- Followup support: RNs follow up with any member who calls for medical advice, with calls being placed the day after the initial call. During these conversations, nurses check to make sure that the patient's issues have been resolved, and also make referrals, provide education, and help schedule appointments as appropriate.
- Ongoing quality monitoring and improvement: The compliance administrator and call center management conduct ongoing quality monitoring by listening to live patient calls and call recordings. In addition, interrater reviews are conducted on a regular basis, and nurses perform monthly peer reviews and self-assessments. This information serves as the basis for discussions with RNs regarding their member encounters.
Context of the InnovationMolina Healthcare, a Medicaid managed care organization, covers approximately 1.6 million medically underserved individuals in California, Michigan, Missouri, Nevada, New Mexico, Ohio, Texas, Utah, Washington, and Wisconsin. In 2002, Molina reviewed usage patterns for its outsourced nurse advice line and found that few Spanish-speaking members called the service. This finding suggested that these members were experiencing barriers in accessing advice services, prompting Molina to revamp the program. Molina is now one of only a few health plans that owns and self-operates a nurse advice line, and Molina's program is believed to be the only advice line in the country that requires all operators to be fluent in both English and Spanish. As of July 2011, it currently has 30 bilingual operators and 8 of its 26 nurses are bilingual. The program was developed in collaboration with the Robert Wood Johnson Foundation Hablamos Juntos initiative.
ResultsThe bilingual nurse advice line has significantly increased the number of calls coming from Spanish-speaking members and has helped members to make wiser choices, leading to fewer ED visits and significant cost savings.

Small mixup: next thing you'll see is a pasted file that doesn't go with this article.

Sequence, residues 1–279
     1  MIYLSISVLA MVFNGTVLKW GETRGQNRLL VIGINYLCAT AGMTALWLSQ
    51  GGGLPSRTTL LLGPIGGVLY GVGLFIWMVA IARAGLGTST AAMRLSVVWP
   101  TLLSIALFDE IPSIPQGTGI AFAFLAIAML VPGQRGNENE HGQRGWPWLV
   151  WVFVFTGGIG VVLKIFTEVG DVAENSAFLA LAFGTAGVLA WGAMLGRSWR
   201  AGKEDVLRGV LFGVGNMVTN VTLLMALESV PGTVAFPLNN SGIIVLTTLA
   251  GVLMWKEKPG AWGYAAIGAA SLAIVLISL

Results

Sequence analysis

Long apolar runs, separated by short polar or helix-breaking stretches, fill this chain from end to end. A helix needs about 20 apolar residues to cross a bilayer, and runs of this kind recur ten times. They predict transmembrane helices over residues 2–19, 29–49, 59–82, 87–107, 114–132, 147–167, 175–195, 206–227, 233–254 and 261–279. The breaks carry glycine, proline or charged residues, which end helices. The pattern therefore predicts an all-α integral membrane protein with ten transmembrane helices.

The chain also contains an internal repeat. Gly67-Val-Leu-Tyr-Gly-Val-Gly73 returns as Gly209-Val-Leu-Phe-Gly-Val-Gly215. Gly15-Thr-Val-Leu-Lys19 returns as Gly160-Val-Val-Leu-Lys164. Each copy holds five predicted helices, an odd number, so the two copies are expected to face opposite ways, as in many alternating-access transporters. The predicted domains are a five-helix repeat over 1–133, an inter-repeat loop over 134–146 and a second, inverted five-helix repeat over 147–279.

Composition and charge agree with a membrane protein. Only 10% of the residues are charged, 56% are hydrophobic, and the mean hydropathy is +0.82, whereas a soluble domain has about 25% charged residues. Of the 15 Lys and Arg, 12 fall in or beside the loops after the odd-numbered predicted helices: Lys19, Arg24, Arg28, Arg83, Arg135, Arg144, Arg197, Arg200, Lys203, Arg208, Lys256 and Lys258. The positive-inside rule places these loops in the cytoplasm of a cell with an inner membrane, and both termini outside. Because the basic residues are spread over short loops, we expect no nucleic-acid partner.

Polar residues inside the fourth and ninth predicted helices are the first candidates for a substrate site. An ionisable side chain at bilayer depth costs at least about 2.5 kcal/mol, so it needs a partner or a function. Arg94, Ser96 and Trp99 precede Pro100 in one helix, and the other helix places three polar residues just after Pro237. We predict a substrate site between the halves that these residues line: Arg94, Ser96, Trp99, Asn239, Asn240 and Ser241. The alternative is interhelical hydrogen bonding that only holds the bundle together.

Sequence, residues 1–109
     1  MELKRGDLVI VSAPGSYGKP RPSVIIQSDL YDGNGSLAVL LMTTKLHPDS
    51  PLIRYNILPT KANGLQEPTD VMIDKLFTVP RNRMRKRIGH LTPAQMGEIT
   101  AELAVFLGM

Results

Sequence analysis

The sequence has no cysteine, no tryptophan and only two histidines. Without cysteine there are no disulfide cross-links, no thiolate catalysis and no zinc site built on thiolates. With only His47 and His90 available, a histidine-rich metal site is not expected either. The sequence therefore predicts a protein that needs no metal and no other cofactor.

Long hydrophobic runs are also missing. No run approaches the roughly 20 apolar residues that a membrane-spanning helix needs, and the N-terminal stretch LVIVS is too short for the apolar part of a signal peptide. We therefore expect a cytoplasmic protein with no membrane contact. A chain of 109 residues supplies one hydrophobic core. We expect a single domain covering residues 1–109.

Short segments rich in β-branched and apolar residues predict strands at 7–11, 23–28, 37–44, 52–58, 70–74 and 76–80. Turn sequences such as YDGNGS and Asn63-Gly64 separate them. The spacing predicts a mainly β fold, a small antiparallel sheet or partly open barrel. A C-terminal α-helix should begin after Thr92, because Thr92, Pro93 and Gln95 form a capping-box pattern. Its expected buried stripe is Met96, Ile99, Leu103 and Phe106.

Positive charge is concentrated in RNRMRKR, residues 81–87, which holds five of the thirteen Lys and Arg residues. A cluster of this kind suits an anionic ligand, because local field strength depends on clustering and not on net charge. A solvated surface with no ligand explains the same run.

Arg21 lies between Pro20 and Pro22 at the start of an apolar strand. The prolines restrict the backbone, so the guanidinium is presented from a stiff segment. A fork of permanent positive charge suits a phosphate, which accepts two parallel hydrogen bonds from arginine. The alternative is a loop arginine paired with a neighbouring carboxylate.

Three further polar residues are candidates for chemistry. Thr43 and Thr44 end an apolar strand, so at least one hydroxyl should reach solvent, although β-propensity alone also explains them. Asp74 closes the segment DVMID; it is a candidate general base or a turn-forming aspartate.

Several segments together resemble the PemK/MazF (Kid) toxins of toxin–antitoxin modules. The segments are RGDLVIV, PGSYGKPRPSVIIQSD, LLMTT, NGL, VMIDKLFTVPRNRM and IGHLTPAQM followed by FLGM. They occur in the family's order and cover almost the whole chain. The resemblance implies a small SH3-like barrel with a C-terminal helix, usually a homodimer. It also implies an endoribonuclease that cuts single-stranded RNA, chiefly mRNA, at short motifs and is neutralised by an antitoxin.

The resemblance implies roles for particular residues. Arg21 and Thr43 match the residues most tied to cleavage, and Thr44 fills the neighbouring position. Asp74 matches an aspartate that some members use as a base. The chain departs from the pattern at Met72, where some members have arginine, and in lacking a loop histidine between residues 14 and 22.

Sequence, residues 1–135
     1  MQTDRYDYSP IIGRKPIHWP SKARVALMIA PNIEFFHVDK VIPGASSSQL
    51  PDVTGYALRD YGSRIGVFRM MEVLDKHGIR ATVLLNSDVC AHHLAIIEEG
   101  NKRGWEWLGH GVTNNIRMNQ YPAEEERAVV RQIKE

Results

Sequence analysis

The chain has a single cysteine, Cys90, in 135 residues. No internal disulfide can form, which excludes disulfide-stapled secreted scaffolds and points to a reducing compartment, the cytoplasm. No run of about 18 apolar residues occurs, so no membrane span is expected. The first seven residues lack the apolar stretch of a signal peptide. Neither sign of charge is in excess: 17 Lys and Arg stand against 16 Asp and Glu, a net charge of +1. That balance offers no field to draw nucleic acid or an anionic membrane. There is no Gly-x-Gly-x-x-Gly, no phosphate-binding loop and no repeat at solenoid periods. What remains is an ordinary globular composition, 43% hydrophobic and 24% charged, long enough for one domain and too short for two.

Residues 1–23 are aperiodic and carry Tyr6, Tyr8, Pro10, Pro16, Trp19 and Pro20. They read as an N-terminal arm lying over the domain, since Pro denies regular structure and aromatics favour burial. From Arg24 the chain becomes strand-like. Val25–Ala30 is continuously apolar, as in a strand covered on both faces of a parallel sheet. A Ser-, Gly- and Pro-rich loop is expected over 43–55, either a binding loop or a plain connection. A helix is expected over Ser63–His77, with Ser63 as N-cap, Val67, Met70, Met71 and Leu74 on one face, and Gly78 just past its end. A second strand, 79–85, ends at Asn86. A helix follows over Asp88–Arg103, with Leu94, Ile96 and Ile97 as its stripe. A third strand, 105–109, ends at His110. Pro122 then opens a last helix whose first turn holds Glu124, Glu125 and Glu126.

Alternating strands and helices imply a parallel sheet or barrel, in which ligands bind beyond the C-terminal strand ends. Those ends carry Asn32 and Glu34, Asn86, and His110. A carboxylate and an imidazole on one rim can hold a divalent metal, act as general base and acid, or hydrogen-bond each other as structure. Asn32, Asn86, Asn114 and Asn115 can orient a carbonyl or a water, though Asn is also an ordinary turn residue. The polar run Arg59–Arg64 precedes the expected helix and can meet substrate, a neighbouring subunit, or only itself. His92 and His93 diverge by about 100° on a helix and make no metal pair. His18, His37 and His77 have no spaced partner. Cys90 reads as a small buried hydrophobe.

Moderate: The evidence consists of post-implementation data on advice line use and caller satisfaction, pre- and post-implementation comparisons of the percentage of Spanish-speaking callers to the advice line, anecdotal reports from staff, post-implementation data comparing ED use between those with and without access to the line, and estimates of the cost savings generated due to these reductions in ED visits.
- More Spanish-speaking callers: The nurse advice line currently receives between 27,000 and 28,000 calls per month. Approximately 60 percent of these calls come from Spanish-speaking members, compared with 2 percent with the old advice line. Following the mailing of a bilingual health booklet that lists the advice line number, call volume increased 9.5 percent.
- Wiser choices, fewer ED visits, and significant cost savings: Staff members report that patients who call the nurse advice line often avoid going to costly EDs or urgent care centers, and health plan data backs up this claim. For example, annual ED usage among Spanish-speaking patients who had access to TeleSalud during 2004 averaged 191 visits per 1,000 members, well below the 217 visits per 1,000 Spanish-speaking members for those without access to the line (during this initial pilot test, Molina members in two counties had access to the revamped advice line, while members in other counties having access to the traditional line).1 Based on a 3-month analysis, project staff estimate that these wiser choices saved the health plan approximately $2,500 per month.2 Since that time, the program has continued to generate cost savings. For example, the program generated estimated cost savings of $1.5 million in 2009, and is expected to yield even greater savings ($1.7 million) in 2010.
- High satisfaction: A survey found that 99 percent of those who called the nurse advice line reported being satisfied with the services received.
Planning and Development ProcessKey steps in the planning and development process are described below:
- Joining collaborative network: Molina obtained a grant from the foundation as part of its Hablamos Juntos initiative, which served communities with fast-growing Latino populations by focusing on the development of affordable models for providing innovative language and interpreter services.